Climate targets and industry participation in the recovery

Though governments around the world are busy confronting the economic and health emergencies brought on by the Covid-19 pandemic, they must not lose sight of the opportunity for a society-wide transition to a low-carbon sustainable future.
The Covid-19 pandemic must not lead governments to lower their climate ambitions. Accelerating the transition to a low-carbon sustainable economy can both drive the recovery and build resilience for the future.
Other countries could look to Denmark for inspiration on climate initiatives that will also contribute to economic recovery. The country is currently taking real action to achieve its target of reducing carbon dioxide emissions by 70 per cent by 2030 and reaching zero net emissions by 2050. 
As the CEOs of Danish corporations with a global presence in renewable energy, water technology, and pharmaceuticals, respectively, we have been appointed by the Danish government to chair public-private “climate partnerships” created to pursue climate-policy goals.
Our job has been to develop comprehensive roadmaps for reaching emissions-reduction targets within our respective sectors in the most cost-efficient way.
Collectively, we need to make sure that the Covid-19 pandemic does not lead us back to the same “business as usual” that brought on the climate crisis in the first place.
Having chaired these partnerships for the past seven months, we believe governments around the world would benefit greatly both from this model of collaboration and from our specific findings on how to make the manufacturing, energy, and life science and biotech sectors nearly carbon-neutral by 2030.
As countries spend trillions of dollars to protect jobs and livelihoods during the pandemic, it is crucial that they shape such stimulus in ways that will ensure a long-term sustainable recovery.
The World Health Organisation estimates that the annual capital needed to meet the Paris climate agreement’s emissions-reduction targets amounts to some 1 per cent of global GDP per year. Governments thus should capitalise on the current opening to direct their mid- and long-term recovery plans toward the dual objective of financial stimulus and decarbonisation.
Pursuing these goals simultaneously is not merely a moral imperative. It also makes economic sense. Governments urgently need to unlock the private sector’s capacity for innovation and investment, starting with concrete and ambitious emissions-reduction targets for 2030 and 2050.
Once such targets are in place, governments should involve businesses in developing sector-specific roadmaps for decarbonisation.
The logic of leveraging the private sector is simple. Business leaders are in the best position to identify economically sound carbon-reduction pathways within their own sectors, and they have firsthand knowledge of what is needed from governments to unlock private-sector investments. This is what we call the Danish formula for public-private collaboration.
The analyses we have conducted in our climate partnerships have revealed opportunities for decarbonisation that many would have thought impossible just a few years ago. By applying and scaling up existing technologies in a cost-efficient way, the manufacturing, energy, and life science and biotech sectors could become nearly carbon neutral as soon as 2030.
In addition, these sectors also provide technologies and services that have the potential to drive emission reductions across other sectors. This includes energy-saving products and services, and replacing fossil fuels with green electricity to decarbonise transportation and other industries.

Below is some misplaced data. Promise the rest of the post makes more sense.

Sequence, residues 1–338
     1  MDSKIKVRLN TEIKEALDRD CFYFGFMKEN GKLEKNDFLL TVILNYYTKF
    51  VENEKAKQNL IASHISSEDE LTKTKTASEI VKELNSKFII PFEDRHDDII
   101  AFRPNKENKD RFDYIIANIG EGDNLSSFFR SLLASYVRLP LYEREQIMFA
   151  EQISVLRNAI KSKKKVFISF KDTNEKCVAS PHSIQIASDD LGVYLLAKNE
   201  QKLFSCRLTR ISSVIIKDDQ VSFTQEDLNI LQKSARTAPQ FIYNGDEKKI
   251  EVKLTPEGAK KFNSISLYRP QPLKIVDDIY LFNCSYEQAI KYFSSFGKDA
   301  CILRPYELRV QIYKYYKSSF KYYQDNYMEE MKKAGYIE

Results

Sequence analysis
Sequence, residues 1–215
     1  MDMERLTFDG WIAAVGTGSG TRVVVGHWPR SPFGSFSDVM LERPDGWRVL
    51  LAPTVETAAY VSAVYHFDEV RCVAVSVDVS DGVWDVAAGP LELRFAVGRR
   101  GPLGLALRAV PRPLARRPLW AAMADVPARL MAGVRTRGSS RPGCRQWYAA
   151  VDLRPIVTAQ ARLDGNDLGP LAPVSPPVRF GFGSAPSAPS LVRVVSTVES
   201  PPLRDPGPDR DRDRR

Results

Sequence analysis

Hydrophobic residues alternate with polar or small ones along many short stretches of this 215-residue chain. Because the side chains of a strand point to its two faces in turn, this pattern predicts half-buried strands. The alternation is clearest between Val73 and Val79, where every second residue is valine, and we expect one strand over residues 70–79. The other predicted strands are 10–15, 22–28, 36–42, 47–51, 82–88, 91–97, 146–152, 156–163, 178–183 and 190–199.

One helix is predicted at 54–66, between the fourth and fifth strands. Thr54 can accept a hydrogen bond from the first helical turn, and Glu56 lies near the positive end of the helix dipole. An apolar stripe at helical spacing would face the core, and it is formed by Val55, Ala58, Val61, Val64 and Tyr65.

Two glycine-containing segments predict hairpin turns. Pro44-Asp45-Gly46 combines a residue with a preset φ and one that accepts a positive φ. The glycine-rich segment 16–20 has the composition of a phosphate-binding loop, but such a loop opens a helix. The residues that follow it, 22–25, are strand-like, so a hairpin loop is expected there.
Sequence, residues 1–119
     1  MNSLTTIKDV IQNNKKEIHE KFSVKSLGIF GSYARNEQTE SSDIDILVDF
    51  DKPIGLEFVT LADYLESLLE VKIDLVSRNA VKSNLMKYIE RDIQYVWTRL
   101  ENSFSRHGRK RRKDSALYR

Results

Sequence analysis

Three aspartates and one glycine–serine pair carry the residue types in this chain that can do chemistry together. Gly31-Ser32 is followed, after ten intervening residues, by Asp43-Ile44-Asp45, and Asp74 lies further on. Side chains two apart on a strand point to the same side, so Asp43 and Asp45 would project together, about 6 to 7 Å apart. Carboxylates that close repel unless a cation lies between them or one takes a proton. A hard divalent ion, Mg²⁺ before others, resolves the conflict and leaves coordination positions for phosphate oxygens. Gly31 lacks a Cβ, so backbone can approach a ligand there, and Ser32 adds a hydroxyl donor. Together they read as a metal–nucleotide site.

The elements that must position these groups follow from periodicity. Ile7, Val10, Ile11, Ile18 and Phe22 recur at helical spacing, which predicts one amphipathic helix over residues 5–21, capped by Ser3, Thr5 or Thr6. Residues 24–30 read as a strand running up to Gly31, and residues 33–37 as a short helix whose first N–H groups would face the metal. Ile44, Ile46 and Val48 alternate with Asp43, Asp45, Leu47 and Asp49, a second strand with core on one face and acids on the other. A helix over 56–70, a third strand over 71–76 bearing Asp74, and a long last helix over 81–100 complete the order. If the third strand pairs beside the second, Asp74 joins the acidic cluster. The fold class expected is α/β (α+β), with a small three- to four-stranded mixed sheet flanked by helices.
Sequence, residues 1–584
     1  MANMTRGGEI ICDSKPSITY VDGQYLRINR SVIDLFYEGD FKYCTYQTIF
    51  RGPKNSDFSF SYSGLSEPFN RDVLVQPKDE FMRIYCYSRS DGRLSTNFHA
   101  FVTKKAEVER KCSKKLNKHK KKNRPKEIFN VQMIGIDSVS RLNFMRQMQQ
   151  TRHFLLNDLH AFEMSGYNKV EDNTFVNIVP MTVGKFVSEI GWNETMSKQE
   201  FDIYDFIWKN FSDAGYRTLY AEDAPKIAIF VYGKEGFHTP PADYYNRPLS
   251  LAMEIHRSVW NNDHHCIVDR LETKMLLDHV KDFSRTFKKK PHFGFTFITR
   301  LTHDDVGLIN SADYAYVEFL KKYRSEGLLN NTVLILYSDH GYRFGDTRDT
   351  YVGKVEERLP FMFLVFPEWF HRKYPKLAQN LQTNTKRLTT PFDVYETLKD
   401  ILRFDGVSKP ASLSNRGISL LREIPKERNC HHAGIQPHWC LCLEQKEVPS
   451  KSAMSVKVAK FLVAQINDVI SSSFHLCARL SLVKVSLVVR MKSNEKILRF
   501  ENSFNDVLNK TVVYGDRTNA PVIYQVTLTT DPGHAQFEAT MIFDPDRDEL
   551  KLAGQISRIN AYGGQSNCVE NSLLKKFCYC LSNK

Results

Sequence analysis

Hence, our recommendations have global applications, both for countries in a nascent stage of decarbonisation and for those that are already well on their way. The first key takeaway is that governments should set ambitious national emissions-reduction targets for each economic sector, thereby providing transparency and long-term certainty for companies and investors.
Second, all countries need to create conditions for a significant increase in renewable-energy production, green electrification, and improved energy efficiency. Green business is good business: wind and solar power are now the cheapest options for two-thirds of the world, and energy efficiency improves economic competitiveness while benefiting consumers.
Third, governments should adjust their regulatory frameworks to maximise investment in innovative technologies—such as heat pumps, renewable hydrogen, and biofuels—through increased public and private research, development, and deployment.
Similarly, public procurement and fiscal policies should be reformed to strengthen incentives that encourage low-carbon activities and investments. And businesses around the world need to take responsibility beyond their own direct emissions, by pushing for similar reductions across their global value chains.
Beyond these broad recommendations, we are keen to share with governments and other businesses insights from our specific action plans on how to decarbonise manufacturing, energy, and life science and biotech as cost-efficiently as possible. We encourage policymakers and industry leaders to build on these lessons as they shape the economic recovery and accelerate the green transition.
Collectively, we need to make sure that the Covid-19 pandemic does not lead us back to the same “business as usual” that brought on the climate crisis in the first place. By applying the model and principles we have enunciated, all societies can do more than just recover; they can make themselves future-fit, too. That is the right approach both environmentally and economically.